The U.N.’s special envoy for human rights in Cambodia has paid a visit to a dissident convicted of masterminding a secessionist plot in Kratie province, as another rights activist was summoned to court in connection with the case.
U.N. Special Rapporteur Surya Subedi met with Mam Sonando, director and owner of the independent Beehive Radio station, at the No. 1 Correctional Center in Phnom Penh on Wednesday while on an eight-day fact-finding mission on the human rights situation in the country.
The visit came just days before a hearing on a request for bail by Mam Sonando, who was jailed in October on charges of organizing what authorities deemed to be a secessionist plot by villagers to form a self-governing zone.
The 71-year-old activist has been in poor health since his arrest and an appeals court is scheduled to hear his request on Friday.
His wife Din Sophanara said Subedi’s visit would boost Mam Sonando’s morale ahead of the hearing.
“This visit is an honor for Mam Sonando,” she told RFA’s Khmer Service after the meeting.
“It is a form of moral support,” she said, though she said she did not know the details of their conversation.
Subedi is in the country to review progress on recommendations he made to the government two years ago, and during his trip he has urged officials to allow greater freedom of expression, land rights, and the independence of the judiciary.
Mam Sonando’s case, which U.S. President Barack Obama raised with Prime Minister Hun Sen during his historic visit to Cambodia last month, has drawn criticism from international rights groups who say the case against him is politically motivated.
In October, Mam Sonando was sentenced to 20 years in prison for defaming the government and orchestrating a secessionist plot tied to a land dispute in Kratie’s Chhlong district, where a mass occupation of land and bloody clashes in May triggered a security clampdown.
Mam Sonando has denied the charges and filed an appeal against his conviction.
A date has not yet been set for a hearing on the appeal. Friday’s court session will address whether or not Mam Sonando is at risk of fleeing from custody if released on bail, his lawyer Sar Sowath said.
“This is a hearing for the judge to determine whether Mam Sonando would flee [if released] or if he is sick enough that he can be granted bail,” he said, adding that the activist’s health is deteriorating.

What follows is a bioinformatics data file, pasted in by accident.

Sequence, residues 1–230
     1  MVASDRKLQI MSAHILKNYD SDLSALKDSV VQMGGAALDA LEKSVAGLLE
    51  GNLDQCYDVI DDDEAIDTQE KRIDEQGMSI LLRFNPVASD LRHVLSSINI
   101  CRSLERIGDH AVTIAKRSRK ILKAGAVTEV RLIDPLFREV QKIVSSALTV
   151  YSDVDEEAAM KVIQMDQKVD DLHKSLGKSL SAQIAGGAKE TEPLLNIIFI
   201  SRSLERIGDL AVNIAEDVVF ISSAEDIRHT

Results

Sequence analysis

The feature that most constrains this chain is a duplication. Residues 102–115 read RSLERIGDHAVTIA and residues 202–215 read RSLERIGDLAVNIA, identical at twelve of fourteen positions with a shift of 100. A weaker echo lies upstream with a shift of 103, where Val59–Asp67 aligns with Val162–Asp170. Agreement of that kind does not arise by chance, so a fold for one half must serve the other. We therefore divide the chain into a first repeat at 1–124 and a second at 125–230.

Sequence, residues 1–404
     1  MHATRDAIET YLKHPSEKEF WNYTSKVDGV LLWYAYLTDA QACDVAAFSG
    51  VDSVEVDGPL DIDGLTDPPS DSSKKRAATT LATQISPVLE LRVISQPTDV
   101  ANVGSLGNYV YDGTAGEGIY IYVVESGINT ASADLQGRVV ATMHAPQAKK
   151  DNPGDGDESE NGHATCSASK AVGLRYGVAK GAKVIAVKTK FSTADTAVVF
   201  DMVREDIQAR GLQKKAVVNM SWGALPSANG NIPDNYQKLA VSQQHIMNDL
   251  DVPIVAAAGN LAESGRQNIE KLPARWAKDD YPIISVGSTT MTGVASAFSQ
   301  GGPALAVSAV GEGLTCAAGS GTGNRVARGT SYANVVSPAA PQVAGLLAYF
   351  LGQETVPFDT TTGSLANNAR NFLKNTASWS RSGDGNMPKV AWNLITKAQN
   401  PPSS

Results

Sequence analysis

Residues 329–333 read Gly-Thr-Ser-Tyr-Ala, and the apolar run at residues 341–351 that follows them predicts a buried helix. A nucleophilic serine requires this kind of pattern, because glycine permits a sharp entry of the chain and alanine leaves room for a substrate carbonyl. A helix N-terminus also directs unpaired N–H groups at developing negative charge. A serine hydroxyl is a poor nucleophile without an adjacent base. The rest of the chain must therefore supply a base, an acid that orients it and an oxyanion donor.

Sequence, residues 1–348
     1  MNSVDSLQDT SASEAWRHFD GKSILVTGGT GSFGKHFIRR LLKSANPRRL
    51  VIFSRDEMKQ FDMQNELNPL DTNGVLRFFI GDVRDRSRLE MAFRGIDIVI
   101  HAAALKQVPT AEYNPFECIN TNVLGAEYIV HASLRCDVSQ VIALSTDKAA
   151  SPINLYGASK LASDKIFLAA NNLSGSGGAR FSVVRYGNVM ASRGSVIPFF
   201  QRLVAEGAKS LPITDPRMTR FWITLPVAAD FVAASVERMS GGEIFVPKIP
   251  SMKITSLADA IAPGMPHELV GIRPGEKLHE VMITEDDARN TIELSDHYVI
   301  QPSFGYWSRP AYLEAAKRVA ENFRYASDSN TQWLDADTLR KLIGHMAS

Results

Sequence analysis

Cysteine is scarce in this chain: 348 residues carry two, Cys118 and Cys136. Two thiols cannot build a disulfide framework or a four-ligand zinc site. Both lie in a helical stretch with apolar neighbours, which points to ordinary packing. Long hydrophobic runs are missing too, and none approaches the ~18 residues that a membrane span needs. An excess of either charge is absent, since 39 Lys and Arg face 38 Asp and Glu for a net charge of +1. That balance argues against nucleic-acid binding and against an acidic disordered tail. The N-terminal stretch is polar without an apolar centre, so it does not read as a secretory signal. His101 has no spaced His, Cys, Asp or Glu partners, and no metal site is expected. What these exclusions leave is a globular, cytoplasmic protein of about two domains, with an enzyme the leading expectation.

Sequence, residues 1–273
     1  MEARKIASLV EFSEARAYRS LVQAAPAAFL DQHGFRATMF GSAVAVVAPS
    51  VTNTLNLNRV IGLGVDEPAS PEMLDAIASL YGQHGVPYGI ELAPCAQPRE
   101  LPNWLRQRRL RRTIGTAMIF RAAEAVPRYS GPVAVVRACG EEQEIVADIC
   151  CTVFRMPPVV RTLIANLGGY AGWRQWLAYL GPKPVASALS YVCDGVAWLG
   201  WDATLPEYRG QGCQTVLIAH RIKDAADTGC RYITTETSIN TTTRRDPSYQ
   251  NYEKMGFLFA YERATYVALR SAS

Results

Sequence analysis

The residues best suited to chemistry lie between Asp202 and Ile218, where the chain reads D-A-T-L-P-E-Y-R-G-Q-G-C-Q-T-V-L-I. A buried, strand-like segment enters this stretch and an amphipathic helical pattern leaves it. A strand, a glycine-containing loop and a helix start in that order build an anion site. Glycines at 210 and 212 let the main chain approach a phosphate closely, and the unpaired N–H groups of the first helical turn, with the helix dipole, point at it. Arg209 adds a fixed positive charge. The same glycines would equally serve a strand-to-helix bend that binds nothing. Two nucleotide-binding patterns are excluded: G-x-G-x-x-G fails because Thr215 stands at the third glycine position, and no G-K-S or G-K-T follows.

He expressed optimism that Mam Sonando would be granted bail because he is too sick to leave the country.
A lawyer representing the eight others sentenced in connection with the case said they have not requested bail, but seven of them have also filed appeals with the court.
“They have appealed the court decisions because they can’t accept those decisions,” lawyer Long Lon said, adding that they had asked the court to speed up the case.
The eight were convicted of allegedly staging an anti-state rebellion following a mass occupation of land that triggered clashes in May.
The clashes occurred after some 1,000 village families refused a government order to vacate state land they had used for farming which was awarded as a concession to Russian firm Casotim. The company plans to build a rubber plantation at the site.
This week authorities took steps against another prominent activist in connection with the case, issuing a fresh court summons to Chan Soveth, senior investigator for the Cambodian rights watchdog ADHOC.
The summons, delivered to Chan Soveth on Tuesday, orders him to appear before the Phnom Penh Municipal Court on Dec. 24 to answer charges that he “assisted perpetrators” in the Kratie land revolt.
He is accused of financing villagers who planned to establish the self-governing zone and, if convicted, faces one to three years imprisonment and a fine of U.S. $500 to $1,500.
Chan Soveth said he will testify before the court, but expressed concerns about the judge’s independence.
“People have criticized the court for not being independent … I would like to deny that I have committed any crime,” he told RFA’s Khmer Service.
The summons, dated Nov. 30 and issued by Phnom Penh investigating judge Chhe Virak, is Chan Soveth’s second in connection with the case.
He was previously summoned to appear in court on Aug. 24, but the questioning was delayed while he was on a trip outside the country.
The August summons came shortly after Prime Minister Hun Sen gave a nationally televised speech condemning groups in the land revolt and calling on an unnamed NGO worker to “confess” his role in assisting the Kratie villagers.
ADHOC issued a statement on Wednesday defending their employee, saying Chan Soveth had done nothing wrong and always conducted his work in accordance with the law.
“Before more details on the specific information Judge Chhe Virak is looking for are disclosed, ADHOC would like to stress that it has always conducted its activities in accordance with the law,” the statement said.
“One of the most respected human rights workers in Cambodia, Soveth has always carried out his work in a manner consistent with Cambodian law—investigating human rights violations, organizing trainings, and providing legal assistance to individuals and communities affected by land conflicts.”
In another statement on Thursday, ADHOC urged authorities to grant Mam Sonando bail and to overturn his conviction “as soon as possible.”
“The granting of bail for Mam Sonando, and, ultimately, a successful appeal against his conviction, would signal to the international community that Cambodia is back on course to becoming a country that respects and promotes human rights,” the statement said.
Reported by RFA’s Khmer Service. Translated by Samean Yun. Written in English by Rachel Vandenbrink.